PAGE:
Delivery apps like UberEats are "creating some turbulence" in the food delivery market place, Domino's Pizza CEO Ritch Allison told CNBC's Jim Cramer Tuesday. The "turbulence" happens to be a byproduct of investors essentially subsidizing each food delivery and the dynamics may change once consumers "actually have to pay the full cost of delivery."
Coinciding with the CEO's comments, McDonald's Corp (NYSE: MCD) announced an expansion of its third-party delivery partners.
McDonald's exclusive partnership with UberEats came to an end Tuesday as DoorDash will begin delivering McDonald's items in Houston, Texas by the end of the month. DoorDash members will be able to order from McDonald's menu and receive unlimited free delivery on all orders of at least $12, according to CNBC.
Domino's isn't going to make any "foolish" changes to its business model in reaction to the competition, he said. In fact, the competition may be operating with a business model that isn't viable for the long-term. In reality, the cost to deliver food and market these third-party delivery platforms is "quite substantial" compared to the cost of actually preparing the food.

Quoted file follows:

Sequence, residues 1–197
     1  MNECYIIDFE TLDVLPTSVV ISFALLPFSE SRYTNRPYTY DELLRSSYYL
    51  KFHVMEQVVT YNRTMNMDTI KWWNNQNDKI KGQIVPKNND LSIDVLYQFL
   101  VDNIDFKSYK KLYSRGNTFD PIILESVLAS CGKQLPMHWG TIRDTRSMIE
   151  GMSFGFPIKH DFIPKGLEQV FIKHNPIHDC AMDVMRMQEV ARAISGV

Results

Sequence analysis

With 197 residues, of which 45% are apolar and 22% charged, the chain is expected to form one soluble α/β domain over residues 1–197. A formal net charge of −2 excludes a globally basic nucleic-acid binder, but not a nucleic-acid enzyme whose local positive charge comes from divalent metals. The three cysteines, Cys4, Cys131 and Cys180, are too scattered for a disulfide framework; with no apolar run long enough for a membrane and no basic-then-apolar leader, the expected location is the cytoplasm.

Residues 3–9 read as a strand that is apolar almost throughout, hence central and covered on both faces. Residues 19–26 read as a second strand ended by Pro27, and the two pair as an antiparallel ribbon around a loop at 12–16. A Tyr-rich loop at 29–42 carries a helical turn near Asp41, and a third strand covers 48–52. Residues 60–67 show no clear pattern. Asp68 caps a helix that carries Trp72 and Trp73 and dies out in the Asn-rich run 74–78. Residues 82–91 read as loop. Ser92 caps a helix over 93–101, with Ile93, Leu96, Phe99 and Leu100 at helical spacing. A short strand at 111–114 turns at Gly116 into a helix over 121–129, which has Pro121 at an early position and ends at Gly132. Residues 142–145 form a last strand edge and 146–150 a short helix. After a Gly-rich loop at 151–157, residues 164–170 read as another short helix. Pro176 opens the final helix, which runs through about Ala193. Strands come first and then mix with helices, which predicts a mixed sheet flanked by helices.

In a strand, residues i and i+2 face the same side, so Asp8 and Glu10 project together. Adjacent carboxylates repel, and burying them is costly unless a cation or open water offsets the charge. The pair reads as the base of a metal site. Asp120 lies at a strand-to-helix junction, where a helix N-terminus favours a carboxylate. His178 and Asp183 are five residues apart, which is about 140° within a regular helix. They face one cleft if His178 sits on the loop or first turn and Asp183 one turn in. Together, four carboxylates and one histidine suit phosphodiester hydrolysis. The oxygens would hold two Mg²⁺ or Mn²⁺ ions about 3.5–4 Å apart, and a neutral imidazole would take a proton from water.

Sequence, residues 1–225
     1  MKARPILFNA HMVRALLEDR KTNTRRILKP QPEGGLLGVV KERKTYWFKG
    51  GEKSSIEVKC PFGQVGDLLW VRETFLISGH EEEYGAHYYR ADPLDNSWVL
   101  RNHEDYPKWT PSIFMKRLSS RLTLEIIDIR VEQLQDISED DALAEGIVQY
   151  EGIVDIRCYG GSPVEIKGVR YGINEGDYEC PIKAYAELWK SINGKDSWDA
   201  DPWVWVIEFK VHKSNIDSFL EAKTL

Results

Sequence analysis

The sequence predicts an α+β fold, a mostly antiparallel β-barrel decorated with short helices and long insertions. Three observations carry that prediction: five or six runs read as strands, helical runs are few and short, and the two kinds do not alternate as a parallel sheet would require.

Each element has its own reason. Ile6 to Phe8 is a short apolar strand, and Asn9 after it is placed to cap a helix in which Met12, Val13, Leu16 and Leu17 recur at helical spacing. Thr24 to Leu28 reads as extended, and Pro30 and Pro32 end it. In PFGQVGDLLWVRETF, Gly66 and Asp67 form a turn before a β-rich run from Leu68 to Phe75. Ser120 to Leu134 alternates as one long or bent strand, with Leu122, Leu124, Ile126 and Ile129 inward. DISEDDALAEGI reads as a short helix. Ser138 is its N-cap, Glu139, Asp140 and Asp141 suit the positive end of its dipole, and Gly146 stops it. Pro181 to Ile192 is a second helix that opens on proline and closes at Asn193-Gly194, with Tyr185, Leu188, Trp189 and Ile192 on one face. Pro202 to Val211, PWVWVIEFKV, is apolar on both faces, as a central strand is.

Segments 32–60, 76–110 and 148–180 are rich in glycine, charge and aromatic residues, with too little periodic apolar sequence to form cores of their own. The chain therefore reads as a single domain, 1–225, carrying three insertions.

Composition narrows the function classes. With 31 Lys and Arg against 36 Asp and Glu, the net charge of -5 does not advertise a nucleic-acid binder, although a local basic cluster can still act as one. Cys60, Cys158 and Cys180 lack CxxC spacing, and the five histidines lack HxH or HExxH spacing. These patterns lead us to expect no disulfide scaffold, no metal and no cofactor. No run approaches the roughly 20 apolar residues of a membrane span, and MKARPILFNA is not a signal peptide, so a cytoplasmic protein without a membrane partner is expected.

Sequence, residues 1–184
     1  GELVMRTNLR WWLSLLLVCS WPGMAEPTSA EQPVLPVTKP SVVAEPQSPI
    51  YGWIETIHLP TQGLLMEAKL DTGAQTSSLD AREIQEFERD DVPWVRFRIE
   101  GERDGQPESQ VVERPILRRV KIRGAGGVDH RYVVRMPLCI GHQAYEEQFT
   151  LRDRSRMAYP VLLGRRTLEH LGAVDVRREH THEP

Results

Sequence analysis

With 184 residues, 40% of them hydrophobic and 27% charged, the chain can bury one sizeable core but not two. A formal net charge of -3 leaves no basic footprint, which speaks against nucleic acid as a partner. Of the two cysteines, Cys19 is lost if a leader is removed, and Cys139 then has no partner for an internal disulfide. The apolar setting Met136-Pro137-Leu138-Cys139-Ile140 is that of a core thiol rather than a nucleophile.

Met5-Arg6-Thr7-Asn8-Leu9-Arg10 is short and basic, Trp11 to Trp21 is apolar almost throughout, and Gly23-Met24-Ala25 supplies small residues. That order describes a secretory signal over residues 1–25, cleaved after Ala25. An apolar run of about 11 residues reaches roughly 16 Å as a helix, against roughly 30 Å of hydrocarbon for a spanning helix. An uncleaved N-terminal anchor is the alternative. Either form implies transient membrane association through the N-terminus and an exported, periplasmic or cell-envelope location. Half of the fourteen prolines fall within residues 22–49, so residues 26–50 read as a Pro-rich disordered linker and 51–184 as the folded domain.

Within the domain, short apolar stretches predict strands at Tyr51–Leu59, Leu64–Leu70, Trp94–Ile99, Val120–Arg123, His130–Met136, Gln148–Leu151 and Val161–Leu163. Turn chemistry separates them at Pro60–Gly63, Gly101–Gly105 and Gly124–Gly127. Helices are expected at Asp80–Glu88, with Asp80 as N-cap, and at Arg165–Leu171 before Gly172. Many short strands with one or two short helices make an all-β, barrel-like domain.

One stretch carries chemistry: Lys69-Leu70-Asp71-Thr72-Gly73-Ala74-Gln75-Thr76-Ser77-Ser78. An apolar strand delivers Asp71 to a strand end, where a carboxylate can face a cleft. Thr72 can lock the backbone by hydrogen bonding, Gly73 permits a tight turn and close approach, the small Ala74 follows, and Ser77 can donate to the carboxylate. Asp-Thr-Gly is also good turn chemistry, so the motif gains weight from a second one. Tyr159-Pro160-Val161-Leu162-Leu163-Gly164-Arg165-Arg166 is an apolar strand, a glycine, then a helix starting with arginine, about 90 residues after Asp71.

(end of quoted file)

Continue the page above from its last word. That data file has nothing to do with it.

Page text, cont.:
"I think we also have not yet seen what's going to happen with the supply of restaurants on these platforms as well," the CEO said.
Why It's Important
Commenting on Allison's remarks, Cramer said he is the first person to acknowledge on TV Domino's is up against competitors who are "playing with free money." The stock market is essentially financing Domino's competitors, which implies Domino's "can come back."
Domino's has been and will continue focusing on improving franchisees' profitability while also generating "great returns" for investors, Allison said. This can be accomplished by properly managing the approximate $1 million in daily cash flows and optimizing its footprint to speed up its own delivery times.
"We are going to remain focused on our-long term strategy," he said.
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